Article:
One of my favorite things about going out to dinner at a nice restaurant is the creativity that goes into plating the dish. I remember during college working at nice seafood restaurant and we garnished every plate with kale leaves. Parsley is another popular garnish of days past. Garnishes are no longer just for admiring. Flowers, sprouts, and microgreens are gracing dinner plates across North America.
Edible flowers are basically what they sound like – flowers that you can eat. They are usually pretty small and popular edible flowers include nasturtium, chamomile, chives, pansy, calendula, lavender, rose, and squash blossom (there are many more). Flavors range from bitter to sweet and somewhere in between. Before you decide to consume any flowers, its best to consult people in the know. We like to use a local resource at Colorado State University - http://www.ext.colostate.edu/pubs/garden/07237.html.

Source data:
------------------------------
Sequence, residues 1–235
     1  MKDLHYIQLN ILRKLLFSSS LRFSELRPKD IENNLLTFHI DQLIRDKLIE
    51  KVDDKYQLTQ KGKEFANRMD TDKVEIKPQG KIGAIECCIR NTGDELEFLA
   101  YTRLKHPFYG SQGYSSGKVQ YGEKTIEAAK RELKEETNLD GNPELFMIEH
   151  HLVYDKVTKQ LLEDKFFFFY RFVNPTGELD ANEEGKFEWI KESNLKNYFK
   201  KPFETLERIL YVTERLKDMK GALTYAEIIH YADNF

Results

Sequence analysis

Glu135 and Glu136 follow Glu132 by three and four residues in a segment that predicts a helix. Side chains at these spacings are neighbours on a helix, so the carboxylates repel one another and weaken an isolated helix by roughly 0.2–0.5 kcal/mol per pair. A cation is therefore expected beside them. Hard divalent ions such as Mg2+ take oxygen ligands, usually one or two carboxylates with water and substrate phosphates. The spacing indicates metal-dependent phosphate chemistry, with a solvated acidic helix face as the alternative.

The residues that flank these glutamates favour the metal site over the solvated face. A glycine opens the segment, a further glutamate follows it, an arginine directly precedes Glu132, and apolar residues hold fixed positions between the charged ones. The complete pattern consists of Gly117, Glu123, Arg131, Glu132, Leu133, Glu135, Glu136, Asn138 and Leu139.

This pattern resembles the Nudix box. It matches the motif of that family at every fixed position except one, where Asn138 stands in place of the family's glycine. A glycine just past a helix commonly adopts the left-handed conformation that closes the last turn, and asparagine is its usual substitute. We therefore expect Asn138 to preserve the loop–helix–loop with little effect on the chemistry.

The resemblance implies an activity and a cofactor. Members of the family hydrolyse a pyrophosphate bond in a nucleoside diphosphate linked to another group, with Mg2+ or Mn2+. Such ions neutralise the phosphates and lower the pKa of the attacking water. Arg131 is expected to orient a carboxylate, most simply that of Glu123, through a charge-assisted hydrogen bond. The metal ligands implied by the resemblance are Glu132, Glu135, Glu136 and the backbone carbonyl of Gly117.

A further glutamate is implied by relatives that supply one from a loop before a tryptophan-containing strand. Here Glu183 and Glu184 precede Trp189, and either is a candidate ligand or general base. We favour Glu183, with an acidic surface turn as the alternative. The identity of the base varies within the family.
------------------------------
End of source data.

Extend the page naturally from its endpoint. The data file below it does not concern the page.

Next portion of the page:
The difference between sprouts and microgreens is basically that sprouts are eaten in entirety (i.e. root and all) whereas microgreens are grown in soil and cut close to the base but not pulled from their roots. Sprouts have gotten a bit of a bad rap in the last decade due to people getting sick eating sprouts that were contaminated with bacteria. Given the growing conditions of sprouts, bacteria is a real concern. Fewer problems have been associated with microgreens.
One of the awesome things about microgreens is that they pack a lot of nutrition into a tiny little package. These greens are harvested as babies – usually only about a few weeks old. Research has shown that when compared to mature leaves of the same plant, microgreens have higher nutritional densities, packing about four to six times the nutrients. This is true for antioxidant vitamins like vitamins C, E, and beta- carotene as well as other phytonutrients.
Although minor in size, microgreens provide major flavor, texture, and color. Use them as an edible garnish, in salads, on sandwiches or toss in smoothies. Experiment with growing your own. Many microgreens can be grown indoors year round. Start with the seed and consider any of the following: arugula, broccoli, cabbage, clover, radish, kale, mustard, spinach, peas, beet greens – get creative. There are many farms throughout Colorado that sell microgreens to the public. Check your local farmer's market or grocery store too and you're likely to find them gracing the produce section.